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Artificial intelligence diagnoses autism spectrum better than specialists

Credit: Adobe Stock
Credit: Adobe Stock

Artificial intelligence diagnoses the autism spectrum better than specialists. The AI achieved sensitivity and specificity rates of 70 to 90 percent. The effectiveness of specialists ranges from 60 to a random 50 percent, says Dr. Izabela Chojnicka, assistant professor at the Faculty of Psychology, University of Warsaw.

The autism spectrum, related to atypical development of the nervous system, includes developmental challenges related to communication, social interactions, and the occurrence of repetitive, unusual and inflexible behaviours, interests and activities. 

Doctor of medical sciences, assistant professor Chojnicka at the Faculty of Psychology at the University of Warsaw, together with Dr. Aleksander Wawer from the Institute of Computer Science at the Polish Academy of Sciences and Dr. Justyna Sarzyńska-Wawer from the Laboratory of Psycholinguistics and Cognitive Psychology at the Institute of Psychology at the Polish Academy of Sciences conduct interdisciplinary research on the use of computational techniques (artificial intelligence and natural language processing) in autism spectrum research.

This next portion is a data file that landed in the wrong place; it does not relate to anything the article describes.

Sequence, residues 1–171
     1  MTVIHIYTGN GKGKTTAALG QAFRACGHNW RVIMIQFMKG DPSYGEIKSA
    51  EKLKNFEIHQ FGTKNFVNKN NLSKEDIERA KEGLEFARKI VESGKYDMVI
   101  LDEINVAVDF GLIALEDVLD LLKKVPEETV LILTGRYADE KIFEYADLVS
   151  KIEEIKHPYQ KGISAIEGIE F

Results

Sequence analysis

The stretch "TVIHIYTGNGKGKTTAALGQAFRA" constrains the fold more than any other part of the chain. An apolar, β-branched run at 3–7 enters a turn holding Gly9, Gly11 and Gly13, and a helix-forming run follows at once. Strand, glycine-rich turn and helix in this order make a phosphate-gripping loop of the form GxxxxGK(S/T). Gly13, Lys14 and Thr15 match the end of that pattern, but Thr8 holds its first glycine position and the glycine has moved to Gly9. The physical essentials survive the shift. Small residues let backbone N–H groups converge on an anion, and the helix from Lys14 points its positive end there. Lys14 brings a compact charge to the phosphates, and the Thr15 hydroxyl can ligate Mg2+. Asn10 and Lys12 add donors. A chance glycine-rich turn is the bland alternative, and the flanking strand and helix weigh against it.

AI is used to analyse spoken and written narratives. Algorithms 'learn' to detect linguistic differences between the statements of people on the autism spectrum and those of neurotypical people.

PAP: Please tell us about the methodology of your research.

Dr. Izabela Chojnicka: We conduct research using various control groups. We compare the statements of people with autism both with the statements of neurotypical people carefully selected in terms of age, gender and verbal and non-verbal intelligence quotients, as well as with people recruited from the population, which also includes people with developmental challenges or mental health problems other than autism. We analyse spoken statements and stories written by participants.

In the research conducted by our team, we analysed, for example, essays written by primary school children as part of the national eighth-grade exam. No one has yet worked with this type of data, despite the fact that they are generated in most countries in the Western world and large amounts of data for neural networks can be obtained from them.

We also obtain narratives using various stimuli, including the ADOS-2 tool. It is a standardized observation protocol for diagnosing autism spectrum disorders. It consists of various tasks and activities. One of them, for example, is telling the story presented in the pictures in a book. There are also personal narratives - the participants talk about their experiences, events from their life - we have prepared various topics of conversation.

PAP: What is the difference between the narrative of an adult person on the autism spectrum and the narrative of a neurotypical person?

I.C.: Let's start with the fact that the term 'autism spectrum' results from the fact that it is a very heterogeneous group and no two people on the autism spectrum are the same. The difficulties and skills of people on the spectrum are very different, they have a different intensity and may manifest themselves in different ways. However, statistical trends that appear in this group can be determined.